breeder. In fact, if you are marketing a bull as purebred or percentage Canada’s Animal Pedigree Act specifies that any animal represented as purebred or percentage of a specific breed must be permanently identified by tattoo and registered with the appropriate breed association. The Act further stipulates that the seller must present the buyer with the original registration certificate with the buyer listed as the new owner. This is the buyer’s right and the seller’s responsibility, so please ensure that if you have purchased a registered bull, you require that the seller transfer the animal to you through the Canadian Limousin Association. If you believe you are saving yourself money by purchasing an unregistered bull you may in fact be missing out on significant value in your calf crop. The money you may save by purchasing a commercial bull is going to be money lost if that bull does not breed, has a poor calf crop, or difficult calving results in death loss. Seedstock producers work hard every day to provide their customers with genetics that will result in a high performing calf crop. Not to mention, seedstock breeders take pride in ensuring that their bulls are sound for breeding and given that this business is their livelihood, customer satisfaction is high priority. Your bulls have a significant influence on your calf crop, so why gamble with your bottom line? Instead, do your homework and find a registered breeder who is raising the type of cattle you are striving to produce. The resulting calves and peace of mind will be well worth your investment. Tessa Verbeek CLA General Manager



GRAND CHAMPION BULL & CHAMPION SENIOR BULL: Highland Boston sired by Mags War Admiral exhibited by Highland Stock Farms, owned with Double 4 Farming Ltd. RESERVE CHAMPION BULL & RESERVE CHAMPION SENIOR BULL: Cottage Lake Big Star sired by CFLX Wild Card exhibited by Boss Lake Genetics, owned with Skull Creek Ranches CHAMPION JUNIOR BULL: Greenwood Canadian Impact sired by XLR Total Impact 054T exhibited by Greenwood Limousin, owned with Nordal Limousin & Angus RESERVE CHAMPION JUNIOR BULL: HUNT Credentials 37C ET sired by HUNT Testiment 40T exhibited by B Bar Cattle, owned with Wulf Cattle and Hunt Limousin Ranch CHAMPION SENIOR BULL CALF: RPY Paynes Draftsman 33D sired by COLE Architect 08A exhibited by Payne Livestock RESERVE CHAMPION SENIOR BULL CALF: B Bar Austin Healy 4D ET sired by Ivy’s Bubba Watson HTZ24B exhibited by B Bar Cattle


CHAMPION INTERMEDIATE BULL CALF: Greenwood Double Down sired by RPY Paynes Derby 46Z exhibited by Greenwood Limousin

RESERVE CHAMPION JUNIOR FEMALE: EMF Coppertop 18C sired by RPY Paynes Derby 46Z exhibited by Eden Meadows Farm

RESERVE CHAMPION INTERMEDIATE BULL CALF: RPY Paynes Dynamite 46D sired by COLE Architect 08A exhibited by Payne Livestock

CHAMPION SENIOR HEIFER CALF: Cottage Lake Destiny sired by Cottage Lake Big Star exhibited by Boss Lake Genetics

CHAMPION JUNIOR BULL CALF: SYC Dementrius 572D sired by RPY Paynes Bud 27Z exhibited by Symens Land and Cattle Co.

RESERVE CHAMPION SENIOR HEIFER CALF: RPY Paynes Danica 1D sired by COLE Architect 08A exhibited by Payne Livestock

RESERVE CHAMPION JUNIOR BULL CALF: EMF Darian 31D sired by B Bar Rust 31B exhibited by Eden Meadows Farm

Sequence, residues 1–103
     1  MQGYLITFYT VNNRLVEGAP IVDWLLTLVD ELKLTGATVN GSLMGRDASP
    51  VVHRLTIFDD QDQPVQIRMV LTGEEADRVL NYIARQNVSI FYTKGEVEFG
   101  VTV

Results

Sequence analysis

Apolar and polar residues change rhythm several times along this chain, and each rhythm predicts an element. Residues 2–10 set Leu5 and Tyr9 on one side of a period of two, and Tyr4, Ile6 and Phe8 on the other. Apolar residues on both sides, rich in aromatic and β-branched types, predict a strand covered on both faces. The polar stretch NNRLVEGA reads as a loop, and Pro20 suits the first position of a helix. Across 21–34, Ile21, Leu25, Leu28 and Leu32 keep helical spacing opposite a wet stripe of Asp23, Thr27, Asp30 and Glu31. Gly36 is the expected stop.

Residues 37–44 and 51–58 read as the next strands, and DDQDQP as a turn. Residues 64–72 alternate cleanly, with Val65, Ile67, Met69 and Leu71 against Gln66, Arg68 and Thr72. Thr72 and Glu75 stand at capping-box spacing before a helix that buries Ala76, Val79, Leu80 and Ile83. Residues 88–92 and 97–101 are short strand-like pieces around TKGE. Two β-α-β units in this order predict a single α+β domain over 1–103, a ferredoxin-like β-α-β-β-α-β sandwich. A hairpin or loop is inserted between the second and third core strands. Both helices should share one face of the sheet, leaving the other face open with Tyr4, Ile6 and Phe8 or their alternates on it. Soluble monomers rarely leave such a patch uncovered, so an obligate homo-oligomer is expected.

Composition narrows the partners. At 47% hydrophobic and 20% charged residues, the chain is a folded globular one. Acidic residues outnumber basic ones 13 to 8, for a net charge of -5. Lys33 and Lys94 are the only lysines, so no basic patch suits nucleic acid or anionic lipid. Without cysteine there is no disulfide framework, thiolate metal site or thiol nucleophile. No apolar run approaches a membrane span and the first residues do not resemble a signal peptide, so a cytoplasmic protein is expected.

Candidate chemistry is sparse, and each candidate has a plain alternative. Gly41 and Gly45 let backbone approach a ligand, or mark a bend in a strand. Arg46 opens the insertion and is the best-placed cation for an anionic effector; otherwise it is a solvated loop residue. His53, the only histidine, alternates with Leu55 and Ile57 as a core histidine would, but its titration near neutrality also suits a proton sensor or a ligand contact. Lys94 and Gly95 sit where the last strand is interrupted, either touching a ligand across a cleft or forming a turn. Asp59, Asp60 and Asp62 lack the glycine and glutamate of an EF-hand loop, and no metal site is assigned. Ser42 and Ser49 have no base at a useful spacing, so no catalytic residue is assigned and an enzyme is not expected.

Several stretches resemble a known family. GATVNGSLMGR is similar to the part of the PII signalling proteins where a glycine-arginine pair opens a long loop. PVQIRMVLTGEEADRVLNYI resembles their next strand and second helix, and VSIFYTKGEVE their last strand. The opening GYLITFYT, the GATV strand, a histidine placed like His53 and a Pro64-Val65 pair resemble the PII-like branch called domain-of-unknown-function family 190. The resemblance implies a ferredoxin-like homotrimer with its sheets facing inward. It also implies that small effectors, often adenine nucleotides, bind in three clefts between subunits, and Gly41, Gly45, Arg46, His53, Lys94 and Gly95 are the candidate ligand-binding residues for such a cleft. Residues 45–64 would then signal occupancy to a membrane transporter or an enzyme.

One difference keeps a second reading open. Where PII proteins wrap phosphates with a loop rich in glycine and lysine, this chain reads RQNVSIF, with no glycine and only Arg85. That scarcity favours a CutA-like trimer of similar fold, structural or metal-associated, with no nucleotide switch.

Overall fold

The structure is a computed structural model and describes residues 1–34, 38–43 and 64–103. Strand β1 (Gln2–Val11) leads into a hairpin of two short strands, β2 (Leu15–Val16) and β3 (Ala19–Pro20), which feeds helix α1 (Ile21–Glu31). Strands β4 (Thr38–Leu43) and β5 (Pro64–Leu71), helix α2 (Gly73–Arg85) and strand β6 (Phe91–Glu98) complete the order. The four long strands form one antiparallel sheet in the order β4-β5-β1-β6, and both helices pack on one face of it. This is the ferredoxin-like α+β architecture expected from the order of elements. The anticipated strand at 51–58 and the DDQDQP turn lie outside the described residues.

CHAMPION INTERMEDIATE HEIFER CALF: RPY Paynes Daisy Duke 35D sired by COLE Architect 08A exhibited by Payne Livestock

GRAND CHAMPION FEMALE & CHAMPION SENIOR FEMALE: Greenwood Pld Zoom Bloom sired by Wulfs Revolver 1219R exhibited by Greenwood Limousin, owned with Boss Lake Genetics

RESERVE CHAMPION INTERMEDIATE HEIFER CALF: Boss Lake Day Dreamer sired by Cottage Lake Big Star exhibited by Boss Lake Genetics

RESERVE CHAMPION FEMALE & CHAMPION JUNIOR FEMALE: Cottage Lake Code Blue sired by CFLX Wild Card exhibited by Boss Lake Genetics, owned with Greenwood Limousin

CHAMPION JUNIOR HEIFER CALF: RPY Paynes Demi 54D exhibited by Payne Livestock RESERVE CHAMPION JUNIOR HEIFER CALF: Boss Lake Danielle sired by Cottage Lake Big Star exhibited by Boss Lake Genetics

RESERVE CHAMPION SENIOR FEMALE: Anchor B Bailey 21B sired by Anchor B the Boss exhibited by Anchor B Limousin




FARMFAIR INTERNATIONAL - NOVEMBER 10, 2016 EDMONTON, AB GRAND CHAMPION BULL & CHAMPION YEARLING BULL: Greenwood Canadian Impact sired by XLR Total Impact 054T exhibited by Greenwood Limousin & Angus, owned with Nordal Limousin & Angus RESERVE CHAMPION BULL & CHAMPION JUNIOR BULL CALF: Greenwood Double Down sired by RPY Paynes Derby 46Z exhibited by Greenwood Limousin & Angus CHAMPION TWO YEAR OLD BULL: Cottage Lake Big Star sired by CFLX Wild Card exhibited by Boss Lake Genetics, owned with Skull Creek Ranches RESERVE CHAMPION TWO YEAR OLD BULL: Diamond C Braveheart sired by Excel Polled Popeye exhibited by Diamond C Ranch CHAMPION SENIOR BULL CALF: Greenwood Dangerous Goods sired by Wulfs Xclusive 2458X exhibited by Greenwood Limousin & Angus



RESERVE CHAMPION SENIOR BULL CALF: Cottage Lake Dark Horse sired by CFLX Wild Card exhibited by Boss Lake Genetics

CHAMPION TWO YEAR OLD FEMALE: Pinnacle’s Before He Cheats sired by CJSL Windfall 9072W exhibited by Plains Limousin

RESERVE CHAMPION JUNIOR BULL CALF: SYC Drunk on You 523D sired by RPY Paynes Bud 27Z exhibited by Symens Land and Cattle Co.

RESERVE CHAMPION YEARLING HEIFER: SYC Chloe 595C sired by Ivy’s Marksman HTZ 10X exhibited by Symens Land and Cattle Co.